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Between 2004 and 2008, the Australian Early Development Index (AEDI) Building Better Communities for Children pilot project was carried out across 60 Australian communities from all states and territories (excluding the Northern Territory). It involved more than 56,000 children and over 3,000 teachers and was a measure of how young children developed in different communities.
In 2009, the project became federally funded, and captured results for 261,203 children, which was 98 per cent of the estimated five year-old population in Australia. The AEDI is now a population census, and has created a snapshot of early childhood development in communities across Australia. It is conducted by the Centre for Community Child Health (within the Murdoch Children’s Research Institute) at The Royal Children’s Hospital, Melbourne in partnership with the Telethon Institute for Child Health Research, Perth.
We spoke to Megan Harper, GIS analyst at the AEDI National Support Centre, about the role that InstantAtlas has played in highlighting the results of the AEDI.
The AEDI National Support Centre started using the InstantAtlas mapping software in mid-2008. It had explored other mapping solutions but felt that the software produced by GeoWise would be the best option in terms of displaying their data. InstantAtlas is already being used by the majority of Public Health Observatories in the United Kingdom. In addition, Megan had already seen the work that Melbourne University were doing with the Community Indicators Victoria website (http://www.communityindicators.net.au/), and John Glover’s work with the South Australian Public Health Unit Atlases (http://www.publichealth.gov.au).
In December 2009, then Deputy Prime Minister, Julia Gillard announced the first national release of AEDI results. According to Megan, the support provided by GeoWise was “outstanding” and played a major role in helping the AEDI National Support Centre to meet this deadline.
Meeting the need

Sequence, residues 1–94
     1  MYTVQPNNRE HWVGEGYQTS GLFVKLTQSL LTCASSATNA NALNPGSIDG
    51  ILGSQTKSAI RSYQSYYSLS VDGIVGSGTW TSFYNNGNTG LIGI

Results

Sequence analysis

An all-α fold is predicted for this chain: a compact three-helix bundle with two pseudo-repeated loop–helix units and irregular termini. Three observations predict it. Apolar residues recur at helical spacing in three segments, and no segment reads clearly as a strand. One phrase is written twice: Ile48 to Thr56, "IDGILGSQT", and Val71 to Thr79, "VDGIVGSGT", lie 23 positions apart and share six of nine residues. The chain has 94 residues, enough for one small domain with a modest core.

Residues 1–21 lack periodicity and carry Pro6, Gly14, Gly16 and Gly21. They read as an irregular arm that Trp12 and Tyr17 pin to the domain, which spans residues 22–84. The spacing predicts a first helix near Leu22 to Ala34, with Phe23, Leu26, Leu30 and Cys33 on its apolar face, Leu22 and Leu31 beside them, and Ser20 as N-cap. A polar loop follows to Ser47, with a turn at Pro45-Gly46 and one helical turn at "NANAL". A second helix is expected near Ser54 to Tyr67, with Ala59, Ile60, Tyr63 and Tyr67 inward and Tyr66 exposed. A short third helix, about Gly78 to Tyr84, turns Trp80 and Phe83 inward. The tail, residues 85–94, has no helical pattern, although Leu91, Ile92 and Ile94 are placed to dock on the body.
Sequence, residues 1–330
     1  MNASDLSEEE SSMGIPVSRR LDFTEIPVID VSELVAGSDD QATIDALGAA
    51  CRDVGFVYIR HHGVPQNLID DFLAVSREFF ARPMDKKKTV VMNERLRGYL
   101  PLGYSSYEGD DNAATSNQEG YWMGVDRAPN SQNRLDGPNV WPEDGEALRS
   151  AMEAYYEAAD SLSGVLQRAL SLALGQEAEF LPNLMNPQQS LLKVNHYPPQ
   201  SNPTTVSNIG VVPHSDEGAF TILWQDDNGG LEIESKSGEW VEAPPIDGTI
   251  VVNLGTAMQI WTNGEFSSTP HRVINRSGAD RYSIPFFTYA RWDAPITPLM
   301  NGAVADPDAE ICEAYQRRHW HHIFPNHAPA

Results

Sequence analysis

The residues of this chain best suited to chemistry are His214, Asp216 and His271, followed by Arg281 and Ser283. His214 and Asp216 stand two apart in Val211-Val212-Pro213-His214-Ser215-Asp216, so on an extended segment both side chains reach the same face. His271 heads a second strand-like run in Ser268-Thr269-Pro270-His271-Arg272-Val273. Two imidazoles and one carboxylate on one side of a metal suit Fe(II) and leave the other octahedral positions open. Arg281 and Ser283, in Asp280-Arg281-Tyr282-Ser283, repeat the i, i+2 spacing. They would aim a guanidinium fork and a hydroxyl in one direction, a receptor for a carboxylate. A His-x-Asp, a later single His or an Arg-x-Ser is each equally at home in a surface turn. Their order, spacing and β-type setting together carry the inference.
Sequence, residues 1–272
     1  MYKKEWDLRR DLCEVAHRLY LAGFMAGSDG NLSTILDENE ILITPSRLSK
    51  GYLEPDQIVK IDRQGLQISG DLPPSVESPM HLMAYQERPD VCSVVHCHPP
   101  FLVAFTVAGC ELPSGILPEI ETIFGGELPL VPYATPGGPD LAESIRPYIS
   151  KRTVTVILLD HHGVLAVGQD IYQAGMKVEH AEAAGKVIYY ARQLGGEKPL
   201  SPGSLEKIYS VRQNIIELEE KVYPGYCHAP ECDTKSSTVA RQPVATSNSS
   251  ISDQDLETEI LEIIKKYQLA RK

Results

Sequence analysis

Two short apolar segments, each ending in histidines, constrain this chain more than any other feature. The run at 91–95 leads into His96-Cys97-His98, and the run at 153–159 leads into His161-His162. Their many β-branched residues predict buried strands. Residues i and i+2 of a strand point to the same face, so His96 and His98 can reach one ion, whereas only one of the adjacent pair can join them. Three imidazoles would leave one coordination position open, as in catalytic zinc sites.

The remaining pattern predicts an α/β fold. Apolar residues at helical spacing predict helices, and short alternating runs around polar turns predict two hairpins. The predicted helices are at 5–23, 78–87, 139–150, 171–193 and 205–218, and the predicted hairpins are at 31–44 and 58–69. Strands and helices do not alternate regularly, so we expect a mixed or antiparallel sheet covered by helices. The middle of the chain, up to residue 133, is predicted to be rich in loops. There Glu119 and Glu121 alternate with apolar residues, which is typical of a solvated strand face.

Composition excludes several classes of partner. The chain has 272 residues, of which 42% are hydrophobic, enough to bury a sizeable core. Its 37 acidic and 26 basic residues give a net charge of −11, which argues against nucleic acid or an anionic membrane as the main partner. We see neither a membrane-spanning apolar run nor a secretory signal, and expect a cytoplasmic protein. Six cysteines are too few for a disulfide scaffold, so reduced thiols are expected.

The web statistics show that a large number of people are visiting the AEDI results website. Federal, state, and local government departments, as well as community groups and other not-for-profit organisations are amongst the users. The results are a starting point for officials providing them with evidence of vulnerability levels in children in local communities across the country. The online mapping and reporting allows users to choose any community across the country, and see the vulnerability levels of the population of five year olds.
Megan says: “InstantAtlas allowed us to present our results via the user-friendly interactive mapping. From a GIS administrator’s point of view, the software is easy to get to know. The GeoWise support team have been fantastic, and they are always happy to look at our suggested improvements for any software upgrades.”
The website has recently been awarded Finalist in the Australian and New Zealand Internet Best Practices Awards for 2010, in the “website openness category”. This is a reflection of the ease of use of the InstantAtlas software.
Taking the project forward
The next release of data will be available on the AEDI website in December 2010 and the team is hoping to use the latest InstantAtlas templates to provide a more advanced mapping solution. The inclusion of Google Maps within InstantAtlas will be a significant advantage in this respect. Megan believes it will offer greater operability and help users to have a better sense of how the data fits together on a national scale. A development that AEDI are considering for 2011 is incorporating the time series analysis to look at how the vulnerability levels of the children within local communities of Australia have changed over time.
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